“Unprecedented disruption” to fossil industry hits 6,900 Siemens jobs

Large gas turbine: orders are drying up

Massive overcapacity in the large gas turbine market and growing competition from renewables has led Siemens to cut around 6,900 jobs, with 6,100 jobs to be lost in its Power and Gas Division.

According to Siemens, global demand for gas turbines above 100MW has levelled out at around 100 per year, while the leading manufacturers have, between them, capacity to produce around 400 machines per year. “In Europe, particularly in Germany, the market for large gas turbines hardly exists – so there are dramatic over-capacities,” said Janina Kugel, Chief Human Resources Officer and member of the Managing Board of Siemens AG.

“The power generation industry is experiencing disruption of unprecedented scope and speed. With their innovative strength and rapidly expanding generation capacity, renewables are putting other forms of power generation under increasing pressure,” said Lisa Davis, member of the Managing Board of Siemens AG.

Sunset industry: Siemens gas-fired mega-project in Egypt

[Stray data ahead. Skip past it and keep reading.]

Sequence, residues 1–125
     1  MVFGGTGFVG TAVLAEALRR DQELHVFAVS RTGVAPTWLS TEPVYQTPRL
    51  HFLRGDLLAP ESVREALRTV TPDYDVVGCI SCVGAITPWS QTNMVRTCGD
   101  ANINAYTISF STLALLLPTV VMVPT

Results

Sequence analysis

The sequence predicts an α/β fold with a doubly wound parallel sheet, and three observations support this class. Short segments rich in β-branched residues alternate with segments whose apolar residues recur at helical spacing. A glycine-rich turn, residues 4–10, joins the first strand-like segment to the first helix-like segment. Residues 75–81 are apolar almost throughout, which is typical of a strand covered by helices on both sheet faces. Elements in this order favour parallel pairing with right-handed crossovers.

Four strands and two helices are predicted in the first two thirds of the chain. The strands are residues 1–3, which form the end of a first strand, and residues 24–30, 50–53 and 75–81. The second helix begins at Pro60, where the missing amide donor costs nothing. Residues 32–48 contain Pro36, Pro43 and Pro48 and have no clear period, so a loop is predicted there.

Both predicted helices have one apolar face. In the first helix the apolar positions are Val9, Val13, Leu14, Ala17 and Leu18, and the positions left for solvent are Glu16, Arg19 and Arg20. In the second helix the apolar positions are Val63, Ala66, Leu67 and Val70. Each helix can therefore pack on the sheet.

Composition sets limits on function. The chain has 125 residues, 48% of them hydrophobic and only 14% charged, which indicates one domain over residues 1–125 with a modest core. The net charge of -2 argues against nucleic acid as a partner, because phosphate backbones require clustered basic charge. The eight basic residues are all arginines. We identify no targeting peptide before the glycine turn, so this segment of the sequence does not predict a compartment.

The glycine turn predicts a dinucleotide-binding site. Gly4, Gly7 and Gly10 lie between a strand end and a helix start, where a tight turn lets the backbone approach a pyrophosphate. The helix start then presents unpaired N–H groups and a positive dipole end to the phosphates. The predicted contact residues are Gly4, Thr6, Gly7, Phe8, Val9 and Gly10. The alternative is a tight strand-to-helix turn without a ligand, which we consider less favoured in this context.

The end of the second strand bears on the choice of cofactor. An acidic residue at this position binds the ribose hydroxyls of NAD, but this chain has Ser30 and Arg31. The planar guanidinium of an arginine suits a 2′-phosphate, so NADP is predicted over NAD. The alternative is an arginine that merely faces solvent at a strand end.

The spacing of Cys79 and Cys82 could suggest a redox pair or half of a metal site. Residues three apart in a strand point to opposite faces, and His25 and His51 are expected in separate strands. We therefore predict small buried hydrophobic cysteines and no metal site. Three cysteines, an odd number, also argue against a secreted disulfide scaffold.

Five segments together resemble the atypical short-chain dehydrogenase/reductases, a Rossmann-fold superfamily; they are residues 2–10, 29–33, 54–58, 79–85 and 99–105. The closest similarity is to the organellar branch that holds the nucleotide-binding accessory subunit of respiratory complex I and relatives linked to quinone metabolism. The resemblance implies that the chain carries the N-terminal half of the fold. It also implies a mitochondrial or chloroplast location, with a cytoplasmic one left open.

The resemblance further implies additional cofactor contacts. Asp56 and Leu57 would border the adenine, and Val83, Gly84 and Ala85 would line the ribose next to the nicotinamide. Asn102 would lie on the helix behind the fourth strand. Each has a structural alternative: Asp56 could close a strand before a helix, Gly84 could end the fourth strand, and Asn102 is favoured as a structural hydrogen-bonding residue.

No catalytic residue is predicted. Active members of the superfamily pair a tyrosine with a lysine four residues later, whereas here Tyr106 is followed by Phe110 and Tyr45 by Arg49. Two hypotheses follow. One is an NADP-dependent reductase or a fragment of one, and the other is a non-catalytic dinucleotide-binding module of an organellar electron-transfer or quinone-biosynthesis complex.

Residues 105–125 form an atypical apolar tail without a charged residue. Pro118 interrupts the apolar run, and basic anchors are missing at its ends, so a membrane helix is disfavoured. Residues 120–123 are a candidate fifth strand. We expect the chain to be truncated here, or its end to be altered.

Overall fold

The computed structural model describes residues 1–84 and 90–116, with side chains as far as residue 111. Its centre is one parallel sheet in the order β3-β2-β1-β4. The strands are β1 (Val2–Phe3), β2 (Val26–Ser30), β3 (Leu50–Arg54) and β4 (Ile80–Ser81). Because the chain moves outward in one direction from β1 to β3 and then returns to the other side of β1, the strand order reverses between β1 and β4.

Willi Meixner, CEO of the Power and Gas Division, Siemens AG, told a conference call he was certain the lagging power generation market was a deep structural change rather than a cyclical dip in the market. “Power generation costs for renewables are heading in a certain direction, and we have coped with that quite well… but what’s really caught us by surprise was the dynamism [for renewables] we saw coming from the Middle East: only two years ago nobody would have thought that a country like Saudi Arabia, as the biggest oil or fossil fuel exporter, within the space of two years would decide a) not to build any new [fossil] power plants and then decide to have 10GW of renewable power plant.”

About James Ockenden (239 Articles)
Content creator and former Risk journalist with a passion for clean technology and public health. 20 years covering power and energy markets, now focussed on sustainable urban growth and solutions to local air pollution.
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